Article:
How a German neighbor made us feel at home


By Ashley Green

If I can describe our move to Germany in one word, it would be “whirlwind”. Everything about our move was not what I would consider ideal, but like other military families going through a PCS, we hoped for the best and prepared for the worst. I wasn’t thrilled at the notion of living-off base but as timing would have it there were no houses available on-base, so we moved into a four-bedroom home that was previously occupied by a single service member. The former tenant gave us the run down about the place and mentioned the neighbors were nice, even recalling an older neighbor, Josef

Our friendship first consisted of a few waves and an occasional conversation, although communication was difficult as Josef speaks broken English and I know zero German. Despite the barriers, he smiled and showed genuine interest in our lives.

Over the next several months, Josef began bringing me heads of lettuce and bunches of parsley from his garden and leaving them by the back door. I would exclaim just how appreciative I was for the produce. He was so humble and always replied that I could pick whatever I wanted from his garden. He told me how he ate salad every day and still couldn’t eat all of the lettuce he had grown.

Eventually we saw fruit growing from the cherry trees. In the evenings, my husband, my son, and I would wander near the cherry tree and pick a handful. A few weeks passed and the cherry tree finished bearing all of the fruit it would for the season. Josef collected the remaining cherries and brought a huge bowl of them to me. I made mini cherry pies with little stars on them for the 4th of July and gave them to him.

As time went on, we began to get to know more about Josef. He would invite me to a small tent he had set up in his backyard which turned out to be a make-shift art studio and shared his stunningly beautiful paintings. His home was filled with paintings he had done over the years.

He told us about his childhood, growing up in Germany during World War II. He was nine years old and was given his first piece of chocolate from an African American soldier. He had never before seen someone who wasn’t white. While Josef’s father was too old and brother was too young to fight, he lost several friends when Germans bombed their own bridge and civilians. The events I grew up reading about in textbooks are the events he has memories of living through.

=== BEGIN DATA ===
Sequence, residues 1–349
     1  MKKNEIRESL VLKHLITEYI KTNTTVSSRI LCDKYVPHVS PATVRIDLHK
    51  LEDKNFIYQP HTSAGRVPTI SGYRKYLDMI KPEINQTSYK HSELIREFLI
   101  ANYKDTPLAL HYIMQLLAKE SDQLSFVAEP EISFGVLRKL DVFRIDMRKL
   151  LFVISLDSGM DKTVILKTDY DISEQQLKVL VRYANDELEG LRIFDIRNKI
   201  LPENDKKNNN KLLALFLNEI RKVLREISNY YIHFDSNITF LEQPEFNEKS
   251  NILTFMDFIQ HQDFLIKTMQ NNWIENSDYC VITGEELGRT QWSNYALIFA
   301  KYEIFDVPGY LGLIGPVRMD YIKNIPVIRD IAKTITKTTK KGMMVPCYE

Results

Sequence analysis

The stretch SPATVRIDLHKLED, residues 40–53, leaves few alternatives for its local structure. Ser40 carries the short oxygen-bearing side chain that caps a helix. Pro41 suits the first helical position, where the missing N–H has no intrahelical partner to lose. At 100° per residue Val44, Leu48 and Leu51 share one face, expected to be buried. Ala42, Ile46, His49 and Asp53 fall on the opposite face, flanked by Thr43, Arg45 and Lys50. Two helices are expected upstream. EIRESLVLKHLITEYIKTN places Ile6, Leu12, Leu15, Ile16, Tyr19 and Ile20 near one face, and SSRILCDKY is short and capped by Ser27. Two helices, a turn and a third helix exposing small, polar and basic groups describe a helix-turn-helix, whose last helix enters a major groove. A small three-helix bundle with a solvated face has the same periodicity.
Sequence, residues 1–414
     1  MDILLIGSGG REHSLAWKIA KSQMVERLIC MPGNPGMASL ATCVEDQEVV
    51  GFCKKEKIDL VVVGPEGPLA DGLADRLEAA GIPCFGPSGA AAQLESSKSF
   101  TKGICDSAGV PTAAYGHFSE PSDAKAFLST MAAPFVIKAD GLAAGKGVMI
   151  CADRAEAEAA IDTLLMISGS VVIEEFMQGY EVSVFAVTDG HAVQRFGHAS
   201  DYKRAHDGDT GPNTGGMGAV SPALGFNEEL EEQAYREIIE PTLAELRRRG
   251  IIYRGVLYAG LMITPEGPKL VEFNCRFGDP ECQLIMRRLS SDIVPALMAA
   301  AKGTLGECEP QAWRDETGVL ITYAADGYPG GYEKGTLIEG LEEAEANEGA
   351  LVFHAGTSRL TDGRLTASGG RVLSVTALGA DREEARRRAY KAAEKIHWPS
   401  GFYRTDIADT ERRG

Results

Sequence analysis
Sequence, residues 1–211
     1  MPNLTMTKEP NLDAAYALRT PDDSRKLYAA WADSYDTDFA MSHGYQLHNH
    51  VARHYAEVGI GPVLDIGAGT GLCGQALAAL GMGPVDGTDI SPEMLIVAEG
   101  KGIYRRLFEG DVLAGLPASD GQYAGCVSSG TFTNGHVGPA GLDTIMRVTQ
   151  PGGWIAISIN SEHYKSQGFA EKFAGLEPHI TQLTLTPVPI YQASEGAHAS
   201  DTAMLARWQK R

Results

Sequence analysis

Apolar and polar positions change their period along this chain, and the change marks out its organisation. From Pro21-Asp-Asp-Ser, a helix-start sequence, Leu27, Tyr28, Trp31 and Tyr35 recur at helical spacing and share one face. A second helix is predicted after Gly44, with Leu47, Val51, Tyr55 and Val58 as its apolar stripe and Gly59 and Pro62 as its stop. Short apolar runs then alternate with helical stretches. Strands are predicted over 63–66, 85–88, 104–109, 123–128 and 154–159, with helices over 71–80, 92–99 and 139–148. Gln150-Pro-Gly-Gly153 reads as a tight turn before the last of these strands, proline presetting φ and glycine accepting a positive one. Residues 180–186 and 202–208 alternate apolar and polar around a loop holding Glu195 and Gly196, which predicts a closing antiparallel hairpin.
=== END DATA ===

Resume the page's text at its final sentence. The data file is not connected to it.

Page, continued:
When I managed to lock myself and my son out of our house and out of our car, Josef welcomed us into his house without hesitation. I did my best to explain our situation and he immediately offered his help. Within minutes he had the ADAC (like AAA in the United States) on the phone. Josef and his wife let us stay while we waited for the ADAC to show up. They served me hot coffee and warm milk with a cookie for my son. Once the ADAC technician retrieved my eyes, Josef had taken care of the bill while I had called my husband.

The greatest thing I’ve learned from my friend is that friendships sometimes come when you least expect them. Friendships are beautiful and cross all boundaries of culture, nationality, race, religion, and age. No matter where we go in this world, there is always an opportunity for friendship so long as our hearts are open to it.

Ashley Green works from home as a freelance writer. Her husband is active duty Air Force and together they have a 3-year-old son. She spent just over 4 years in Air Force as an Information Manager. She has a Bachelors in Business Administration from the University of Maryland University College. She is currently an active member of the Spangdahlem Air Base community and spends her time enjoying life as a military spouse in Germany.

 

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